Leaders’ tour of Ohio proposed $2 billion rapid transit route

COLUMBUS, Ohio (WCMH) — The goal of the Central Ohio Transit Authority? Combine a rapidly growing city with a rapid transit system.

Joanna Pinkerton, COTA’s chief executive, showed Ohio leaders Thursday one of the proposed transit routes included in the proposed LinkUS rapid transit plan that would cost nearly $2 billion by 2030. The plan includes two new bus lanes – where bus lanes and stops sit in traffic lanes – the expansion of transit-friendly infrastructure like sidewalks, bike lanes and road improvements, as well as supporting equitable transit-oriented development, according to COTA.

“We need to move to what we consider more of a world-class system,” Pinkerton said. “So the corridors where you see major development happening allow you to get more riders, more people through at a faster rate.”

Passing the bipartisan infrastructure bill through the U.S. Congress is expected to bring $149 billion in federal funds to Columbus. COTA said it is seeking federal funding of $300 million for planning, which includes the two bus corridors proposed in the LinkUS plan.

U.S. Senator Sherrod Brown, who attended the Pinkerton exhibit on the proposed transit route, said that when working on the infrastructure bill, the main goal was to integrate the transportation accommodation.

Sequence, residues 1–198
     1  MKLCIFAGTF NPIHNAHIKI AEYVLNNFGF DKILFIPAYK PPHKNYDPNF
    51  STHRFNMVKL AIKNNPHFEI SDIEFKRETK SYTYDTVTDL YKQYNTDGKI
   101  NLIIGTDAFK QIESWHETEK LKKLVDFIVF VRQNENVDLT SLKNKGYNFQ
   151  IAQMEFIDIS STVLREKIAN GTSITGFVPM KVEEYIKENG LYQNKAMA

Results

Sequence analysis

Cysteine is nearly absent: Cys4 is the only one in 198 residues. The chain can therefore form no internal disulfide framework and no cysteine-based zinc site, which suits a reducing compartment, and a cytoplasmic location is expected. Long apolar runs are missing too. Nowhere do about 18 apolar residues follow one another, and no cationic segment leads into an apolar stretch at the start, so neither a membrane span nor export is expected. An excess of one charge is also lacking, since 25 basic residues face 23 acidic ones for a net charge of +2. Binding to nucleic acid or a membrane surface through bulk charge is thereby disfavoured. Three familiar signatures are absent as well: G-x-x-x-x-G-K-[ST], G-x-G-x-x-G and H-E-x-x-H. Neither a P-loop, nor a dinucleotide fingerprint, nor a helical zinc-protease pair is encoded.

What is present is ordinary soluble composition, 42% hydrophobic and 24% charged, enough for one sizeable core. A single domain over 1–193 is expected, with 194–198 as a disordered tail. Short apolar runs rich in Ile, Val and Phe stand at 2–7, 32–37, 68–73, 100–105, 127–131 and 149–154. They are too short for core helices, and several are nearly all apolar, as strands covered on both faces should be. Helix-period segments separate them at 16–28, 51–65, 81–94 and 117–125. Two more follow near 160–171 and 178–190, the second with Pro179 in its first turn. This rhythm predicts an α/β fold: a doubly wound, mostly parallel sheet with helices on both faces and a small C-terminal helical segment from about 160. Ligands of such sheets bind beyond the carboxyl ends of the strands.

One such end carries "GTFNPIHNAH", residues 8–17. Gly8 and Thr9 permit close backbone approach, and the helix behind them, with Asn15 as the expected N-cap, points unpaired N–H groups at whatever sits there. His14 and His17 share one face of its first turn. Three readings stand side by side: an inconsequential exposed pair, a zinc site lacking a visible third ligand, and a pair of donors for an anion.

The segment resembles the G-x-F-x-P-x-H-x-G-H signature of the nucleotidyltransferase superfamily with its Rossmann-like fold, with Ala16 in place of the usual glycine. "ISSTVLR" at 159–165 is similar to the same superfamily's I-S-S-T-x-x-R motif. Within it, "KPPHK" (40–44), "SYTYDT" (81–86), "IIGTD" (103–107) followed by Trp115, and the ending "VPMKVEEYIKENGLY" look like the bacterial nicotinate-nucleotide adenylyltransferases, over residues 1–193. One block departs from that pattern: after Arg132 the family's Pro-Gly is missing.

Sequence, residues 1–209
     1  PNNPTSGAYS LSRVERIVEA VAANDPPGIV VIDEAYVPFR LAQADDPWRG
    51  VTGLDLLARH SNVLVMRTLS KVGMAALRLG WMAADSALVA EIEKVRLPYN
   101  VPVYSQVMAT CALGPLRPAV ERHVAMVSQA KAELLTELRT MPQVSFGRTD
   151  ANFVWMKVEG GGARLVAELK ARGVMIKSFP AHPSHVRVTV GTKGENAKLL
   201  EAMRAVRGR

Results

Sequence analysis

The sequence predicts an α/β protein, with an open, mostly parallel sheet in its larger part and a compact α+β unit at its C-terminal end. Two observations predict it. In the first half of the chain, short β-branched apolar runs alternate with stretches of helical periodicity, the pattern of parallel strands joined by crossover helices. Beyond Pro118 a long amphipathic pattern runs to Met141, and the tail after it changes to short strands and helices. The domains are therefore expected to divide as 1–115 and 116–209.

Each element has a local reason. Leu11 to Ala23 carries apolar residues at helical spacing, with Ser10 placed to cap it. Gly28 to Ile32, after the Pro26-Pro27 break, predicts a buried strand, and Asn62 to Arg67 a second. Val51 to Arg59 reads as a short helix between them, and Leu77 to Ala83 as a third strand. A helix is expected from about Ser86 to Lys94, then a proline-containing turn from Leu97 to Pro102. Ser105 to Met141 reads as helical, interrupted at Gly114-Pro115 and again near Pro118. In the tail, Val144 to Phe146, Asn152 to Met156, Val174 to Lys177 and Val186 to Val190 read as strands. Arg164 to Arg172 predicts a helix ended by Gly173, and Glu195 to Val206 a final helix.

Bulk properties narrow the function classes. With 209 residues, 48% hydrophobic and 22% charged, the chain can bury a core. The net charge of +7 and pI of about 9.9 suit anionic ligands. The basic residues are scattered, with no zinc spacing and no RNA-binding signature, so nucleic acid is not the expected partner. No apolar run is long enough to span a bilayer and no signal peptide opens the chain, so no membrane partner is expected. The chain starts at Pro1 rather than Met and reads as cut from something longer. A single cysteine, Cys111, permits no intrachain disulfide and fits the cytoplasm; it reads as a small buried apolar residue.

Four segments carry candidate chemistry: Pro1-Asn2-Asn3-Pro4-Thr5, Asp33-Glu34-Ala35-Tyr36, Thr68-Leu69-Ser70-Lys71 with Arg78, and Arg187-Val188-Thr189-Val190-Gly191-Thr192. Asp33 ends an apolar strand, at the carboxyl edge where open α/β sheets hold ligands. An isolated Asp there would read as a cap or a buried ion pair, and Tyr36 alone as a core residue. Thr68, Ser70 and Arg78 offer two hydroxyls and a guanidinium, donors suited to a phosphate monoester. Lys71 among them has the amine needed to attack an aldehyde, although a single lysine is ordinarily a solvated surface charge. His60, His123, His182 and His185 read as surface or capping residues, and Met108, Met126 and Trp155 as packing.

“Clearly we’re going to need more multi-housing units, putting them as close to bus stops and transit stops as possible,” Brown said. “It’s good for the environment, it’s good for people getting to work cheaply, efficiently and safely.”

However, federal funding will not fully cover the plan, which means local taxes matching the funding will be required.

This means that COTA could ask residents of central Ohio for a tax increase in the next ballot.

To date, Pinkerton says the COTA board has not voted to put an initiative on the November ballot, but the board is meeting later this month. The possibility of a ballot initiative, she said, is not entirely ruled out.

“At some point, the COTA Board will have to vote to put an initiative on the ballot,” Pinkerton said. “They haven’t this month, and I’m sure we can give you more information after our July 27 board meeting.”

According to the LinkUS plan, the initiative would propose to increase the existing COTA sales tax by 0.5% – 0.25% temporary and 0.25% permanent – with a new permanent sales tax of 1.0%.

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